IMG sold to rival William Morris

Private investment firm Forstmann Little has agreed to sell sports, entertainment and fashion agency IMG to competitor William Morris Endeavor and its financial backer, Silver Lake Partners. The price of Wednesday's sale was not disclosed, but one insider said the deal will be worth about $2.3 billion.

The sale could have massive ramifications in the areas of athlete representation and marketing, depending on how WME is able to adjust to the sports world, in which it currently has relatively little stake.

With the acquisition, WME -- which makes its money primarily in the Hollywood and music representation businesses -- has a chance to pick up athlete clients, although IMG's business is no longer as driven by the fate of athlete contracts and endorsements as it once was. In the past decade under Forstmann, IMG let contract agents for football, basketball, baseball and hockey players go, as the margins on contract commissions thinned and the cost to acquire and retain clients grew. IMG did retain a marketing division that represents quarterbacks Peyton Manning and Eli Manning, Matthew Stafford and Cam Newton for endorsement deals.

What remained was a robust golf business that represents the likes of Luke Donald, Ernie Els, K.J. Choi, Retief Goosen, Padraig Harrington, Anthony Kim, Vijay Singh, Yani Tseng and Paula Creamer, and a tennis business that represents Maria Sharapova, Venus Williams and Li Na as well as broadcaster brothers John and Patrick McEnroe.

WME already markets for Serena Williams, Kevin Garnett, Dwight Howard and Steve Nash. It also represents commentators including Andy Roddick, Ray Lewis, Michael Strahan and Dan Marino.

The deal was spearheaded by super-agent Ari Emanuel, whose life was imitated with the character of Ari Gold in HBO's "Entourage." Emanuel famously left Hollywood agency ICM in the mid-1990s to form Endeavor, which grew even larger in 2009 when the firm merged with William Morris.

While WME continued to focus on Hollywood and music with clients that included Steven Spielberg, Adele, Alicia Keys, Bruno Mars and John Legend, Emanuel and co-CEO Patrick Whitesell were tempted by the sports world in recent years. IMG, meanwhile, represents Taylor Swift and Justin Timberlake, and its modeling division has Kate Upton, Chrissy Teigen and Christie Brinkley as clients.

The ever-competitive Emanuel had two significant moments in sports in which he exerted his power, although neither worked out particular well.

It was Emanuel's idea to turn LeBron James' free agency choice in 2010 into the "The Decision," an hourlong show that aired on ESPN. Emanuel's team orchestrated the show even though James' contract was done by Emanuel's main competitor, Creative Artists Agency, and James' business manager Maverick Carter was working out of IMG's headquarters in Cleveland.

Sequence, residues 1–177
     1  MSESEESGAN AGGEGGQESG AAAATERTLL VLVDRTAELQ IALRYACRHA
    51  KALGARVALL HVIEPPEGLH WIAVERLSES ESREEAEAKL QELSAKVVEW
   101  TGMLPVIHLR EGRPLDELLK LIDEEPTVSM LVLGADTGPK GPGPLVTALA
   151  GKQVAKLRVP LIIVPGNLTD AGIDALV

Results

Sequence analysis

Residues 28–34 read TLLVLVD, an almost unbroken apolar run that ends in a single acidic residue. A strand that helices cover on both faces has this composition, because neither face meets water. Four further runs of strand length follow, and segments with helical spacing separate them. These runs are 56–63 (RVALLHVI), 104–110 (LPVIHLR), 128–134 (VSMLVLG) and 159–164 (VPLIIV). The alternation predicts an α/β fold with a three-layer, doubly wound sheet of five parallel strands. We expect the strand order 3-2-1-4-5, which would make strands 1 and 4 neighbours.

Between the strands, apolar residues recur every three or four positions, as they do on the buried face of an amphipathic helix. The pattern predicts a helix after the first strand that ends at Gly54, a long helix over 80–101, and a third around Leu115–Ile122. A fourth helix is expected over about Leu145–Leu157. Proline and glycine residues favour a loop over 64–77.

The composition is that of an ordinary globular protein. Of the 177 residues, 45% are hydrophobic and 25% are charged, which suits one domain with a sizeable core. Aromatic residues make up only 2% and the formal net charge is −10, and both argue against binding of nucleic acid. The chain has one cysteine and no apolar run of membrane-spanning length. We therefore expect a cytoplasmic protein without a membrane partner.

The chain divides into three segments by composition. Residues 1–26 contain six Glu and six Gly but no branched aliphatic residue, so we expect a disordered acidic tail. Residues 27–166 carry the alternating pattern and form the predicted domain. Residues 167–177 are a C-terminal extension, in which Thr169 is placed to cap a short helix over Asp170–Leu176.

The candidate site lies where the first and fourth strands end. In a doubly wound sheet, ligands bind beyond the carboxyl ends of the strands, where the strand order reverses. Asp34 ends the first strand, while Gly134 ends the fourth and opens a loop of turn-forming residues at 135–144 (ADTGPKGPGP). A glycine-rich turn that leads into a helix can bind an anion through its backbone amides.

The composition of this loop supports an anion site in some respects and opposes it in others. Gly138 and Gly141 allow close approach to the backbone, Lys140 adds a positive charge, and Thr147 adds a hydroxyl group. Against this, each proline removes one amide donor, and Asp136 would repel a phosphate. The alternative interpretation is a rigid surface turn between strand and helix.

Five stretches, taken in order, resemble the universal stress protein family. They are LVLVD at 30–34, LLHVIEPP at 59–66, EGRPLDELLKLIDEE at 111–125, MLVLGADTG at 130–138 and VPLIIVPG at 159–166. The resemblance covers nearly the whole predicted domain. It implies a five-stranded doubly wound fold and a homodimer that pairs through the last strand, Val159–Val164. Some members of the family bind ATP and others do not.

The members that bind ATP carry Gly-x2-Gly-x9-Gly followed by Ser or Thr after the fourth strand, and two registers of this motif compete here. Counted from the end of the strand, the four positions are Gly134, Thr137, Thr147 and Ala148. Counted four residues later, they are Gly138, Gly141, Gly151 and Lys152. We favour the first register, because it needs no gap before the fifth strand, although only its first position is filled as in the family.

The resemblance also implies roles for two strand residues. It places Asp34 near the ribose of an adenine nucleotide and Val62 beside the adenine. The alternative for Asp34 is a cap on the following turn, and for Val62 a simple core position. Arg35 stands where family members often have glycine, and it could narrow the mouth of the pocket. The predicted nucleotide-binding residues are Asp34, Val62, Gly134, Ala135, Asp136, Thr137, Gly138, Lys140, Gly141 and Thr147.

While the fallout from the critically panned show hit James maybe the hardest, Emanuel immediately defended the idea days later.

"Everybody can say what they want -- it was the wrong decision, there was too much hoopla, whatever -- but for me, it was about doing the event, getting the advertisers to participate and doing it for charity," Emanuel told Ad Age at the time.

The second big move made by Emanuel and his WME team was winning Tim Tebow's marketing rights in March 2012 even though Tebow's contract agents were his competitors at CAA.

WME convinced Tebow at the time that he was one of the most marketable celebrities on college campuses across the country, so Tebow passed up overtures to be repped by CAA for marketing purposes. Of course, the rest is history. Tebow barely played for the New York Jets in 2012 and was cut by the New England Patriots before the 2013 season. He eventually fired WME and hired CAA for his off-the-field work.

While this acquisition might be Emanuel's biggest power play yet, many insiders wonder how it makes much sense considering WME isn't adept in businesses that make IMG the most money. IMG is the largest independent producer of sports programming in the world, putting together more than 21,000 hours of television and more than 30,000 hours of radio per year. Its biggest growth engine is its college business, which through licensing, marketing and ticketing contracts with the majority of the BCS conference schools generated $483 million in 2013, the company said.

Over the past couple of years, CAA has turned into the biggest force in the sports representation world, partly by acquiring many of IMG's athlete representation businesses, including football, as well as growing an extensive division that represented sports broadcasters.

IMG was founded by Mark McCormack in 1960 after he signed his first client, Arnold Palmer. The company was purchased by Forstmann Little in 2004 for $750 million. Ted Forstmann, who led the acquisition at the time, died in 2011.